Wars sometimes start easily, but it is a tenet of strategy that they are always unpredictable and extremely hard to end. Putin’s war of choice in Ukraine is already escalating faster than most experts would have imagined just a week ago. He has now encircled major Ukrainian cities with his army and threatens to flatten them with thermobaric weapons, cluster munitions, and guided missiles. This will terrorize the civilian population and could demoralize the budding Ukrainian resistance. He could escalate the conflict to another region, such as the Balkans, where long-standing conflicts fester and Russia has an extensive network of intelligence and security services. He may turn the lights off in a major U.S. city with a cyber attack. Most frighteningly, he has raised the alert level of Russian nuclear forces and may be considering introducing martial law.
Meanwhile, NATO, the G7, and a host of other countries have turned the dial of economic punishment up to unprecedented levels. Several European nations that had previously hesitated to involve themselves militarily in the conflict have now done so, sending weapons and financing Ukraine’s resistance. A growing number of voices in Washington are clamoring for a more aggressive approach from the United States and NATO, pressuring the White House to support a Ukrainian insurgency with a broad menu of weaponry or even calling for NATO to impose a no-fly zone over Ukraine.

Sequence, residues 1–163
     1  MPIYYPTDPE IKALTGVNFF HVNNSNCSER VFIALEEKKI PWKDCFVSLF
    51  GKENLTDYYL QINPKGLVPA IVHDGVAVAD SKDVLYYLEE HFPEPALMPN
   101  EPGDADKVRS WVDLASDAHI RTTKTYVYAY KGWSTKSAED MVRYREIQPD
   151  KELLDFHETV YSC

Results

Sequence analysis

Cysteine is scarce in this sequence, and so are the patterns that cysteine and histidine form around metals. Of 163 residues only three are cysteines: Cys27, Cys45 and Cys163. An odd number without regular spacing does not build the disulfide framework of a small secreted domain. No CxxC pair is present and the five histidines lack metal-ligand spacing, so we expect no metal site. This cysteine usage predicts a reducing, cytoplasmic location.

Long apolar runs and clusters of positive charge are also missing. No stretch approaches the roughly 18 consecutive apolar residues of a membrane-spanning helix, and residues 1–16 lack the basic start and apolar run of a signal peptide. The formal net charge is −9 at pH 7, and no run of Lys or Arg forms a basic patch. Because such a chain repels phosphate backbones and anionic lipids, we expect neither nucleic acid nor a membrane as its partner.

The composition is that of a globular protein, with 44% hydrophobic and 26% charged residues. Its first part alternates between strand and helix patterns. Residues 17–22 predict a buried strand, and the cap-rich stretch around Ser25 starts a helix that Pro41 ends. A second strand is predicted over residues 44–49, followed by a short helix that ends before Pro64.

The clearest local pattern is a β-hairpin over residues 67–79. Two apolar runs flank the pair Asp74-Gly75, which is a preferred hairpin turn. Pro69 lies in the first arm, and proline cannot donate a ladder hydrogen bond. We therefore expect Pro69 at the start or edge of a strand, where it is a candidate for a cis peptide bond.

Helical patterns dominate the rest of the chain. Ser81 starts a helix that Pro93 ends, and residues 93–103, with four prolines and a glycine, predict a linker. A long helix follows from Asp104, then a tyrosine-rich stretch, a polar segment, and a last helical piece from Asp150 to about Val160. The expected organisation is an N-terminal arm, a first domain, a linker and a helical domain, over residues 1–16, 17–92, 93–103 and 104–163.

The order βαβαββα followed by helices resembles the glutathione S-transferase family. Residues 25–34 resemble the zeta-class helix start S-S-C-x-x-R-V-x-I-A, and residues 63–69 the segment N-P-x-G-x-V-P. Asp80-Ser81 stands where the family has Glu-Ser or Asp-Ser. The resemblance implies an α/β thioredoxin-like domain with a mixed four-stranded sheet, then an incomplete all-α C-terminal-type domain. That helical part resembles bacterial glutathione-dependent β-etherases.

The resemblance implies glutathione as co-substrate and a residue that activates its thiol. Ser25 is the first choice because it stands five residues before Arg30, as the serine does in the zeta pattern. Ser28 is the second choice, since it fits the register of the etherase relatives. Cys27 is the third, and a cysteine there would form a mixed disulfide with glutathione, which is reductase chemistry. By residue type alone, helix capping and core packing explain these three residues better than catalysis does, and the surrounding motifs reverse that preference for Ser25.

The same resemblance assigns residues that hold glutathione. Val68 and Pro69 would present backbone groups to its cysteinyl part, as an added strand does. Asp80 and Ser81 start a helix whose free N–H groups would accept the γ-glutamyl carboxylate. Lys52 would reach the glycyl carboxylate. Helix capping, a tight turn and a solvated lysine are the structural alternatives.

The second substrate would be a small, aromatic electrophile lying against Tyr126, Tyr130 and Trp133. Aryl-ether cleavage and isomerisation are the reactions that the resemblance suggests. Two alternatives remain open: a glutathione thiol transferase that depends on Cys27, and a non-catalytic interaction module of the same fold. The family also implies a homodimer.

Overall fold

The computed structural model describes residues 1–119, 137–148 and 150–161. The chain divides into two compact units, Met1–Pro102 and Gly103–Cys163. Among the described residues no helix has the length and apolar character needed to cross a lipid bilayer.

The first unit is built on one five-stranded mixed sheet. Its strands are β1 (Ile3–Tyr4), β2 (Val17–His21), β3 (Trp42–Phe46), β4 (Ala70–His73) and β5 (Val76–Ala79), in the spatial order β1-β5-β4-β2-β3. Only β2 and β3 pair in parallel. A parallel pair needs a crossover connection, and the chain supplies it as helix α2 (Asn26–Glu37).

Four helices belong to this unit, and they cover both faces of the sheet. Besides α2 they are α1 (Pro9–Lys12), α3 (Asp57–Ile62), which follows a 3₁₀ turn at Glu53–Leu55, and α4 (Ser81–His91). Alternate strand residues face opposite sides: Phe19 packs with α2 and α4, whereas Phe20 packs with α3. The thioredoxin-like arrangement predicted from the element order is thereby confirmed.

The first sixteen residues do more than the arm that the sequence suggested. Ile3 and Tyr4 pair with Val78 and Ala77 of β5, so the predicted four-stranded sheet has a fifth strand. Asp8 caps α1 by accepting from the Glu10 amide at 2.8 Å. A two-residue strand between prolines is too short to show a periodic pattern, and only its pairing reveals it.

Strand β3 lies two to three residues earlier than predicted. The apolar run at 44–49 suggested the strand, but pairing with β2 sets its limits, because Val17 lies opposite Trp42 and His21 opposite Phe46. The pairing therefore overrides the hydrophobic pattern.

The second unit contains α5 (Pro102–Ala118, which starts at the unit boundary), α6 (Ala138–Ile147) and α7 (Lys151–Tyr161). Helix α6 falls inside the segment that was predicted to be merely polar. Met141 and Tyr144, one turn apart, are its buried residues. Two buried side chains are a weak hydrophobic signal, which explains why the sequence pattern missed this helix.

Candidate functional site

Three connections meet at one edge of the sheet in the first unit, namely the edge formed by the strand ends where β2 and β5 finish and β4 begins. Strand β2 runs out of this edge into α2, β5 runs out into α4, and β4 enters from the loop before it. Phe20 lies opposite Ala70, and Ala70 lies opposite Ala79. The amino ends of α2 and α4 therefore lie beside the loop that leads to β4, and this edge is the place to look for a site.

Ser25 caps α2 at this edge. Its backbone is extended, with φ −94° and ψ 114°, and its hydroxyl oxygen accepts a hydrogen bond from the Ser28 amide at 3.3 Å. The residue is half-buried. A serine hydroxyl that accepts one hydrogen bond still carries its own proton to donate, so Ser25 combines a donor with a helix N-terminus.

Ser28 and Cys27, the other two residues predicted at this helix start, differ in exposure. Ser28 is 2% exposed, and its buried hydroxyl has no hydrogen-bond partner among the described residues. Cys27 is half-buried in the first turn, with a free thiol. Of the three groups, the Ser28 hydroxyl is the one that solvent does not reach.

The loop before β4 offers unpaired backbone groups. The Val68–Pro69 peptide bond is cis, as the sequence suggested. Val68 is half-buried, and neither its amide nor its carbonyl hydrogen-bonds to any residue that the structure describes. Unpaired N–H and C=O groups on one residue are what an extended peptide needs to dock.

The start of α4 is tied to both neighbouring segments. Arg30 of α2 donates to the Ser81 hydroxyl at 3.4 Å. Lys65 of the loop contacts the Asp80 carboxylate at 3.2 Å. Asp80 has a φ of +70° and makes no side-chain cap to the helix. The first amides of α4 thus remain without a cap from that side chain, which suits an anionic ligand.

Amid this escalation, experts can spin out an infinite number of branching scenarios on how this might end. But scores of war games conducted for the U.S. and allied governments and my own experience as the U.S. national intelligence officer for Europe suggest that if we boil it down, there are really only two paths toward ending the war: one, continued escalation, potentially across the nuclear threshold; the other, a bitter peace imposed on a defeated Ukraine that will be extremely hard for the United States and many European allies to swallow. [Continue reading…]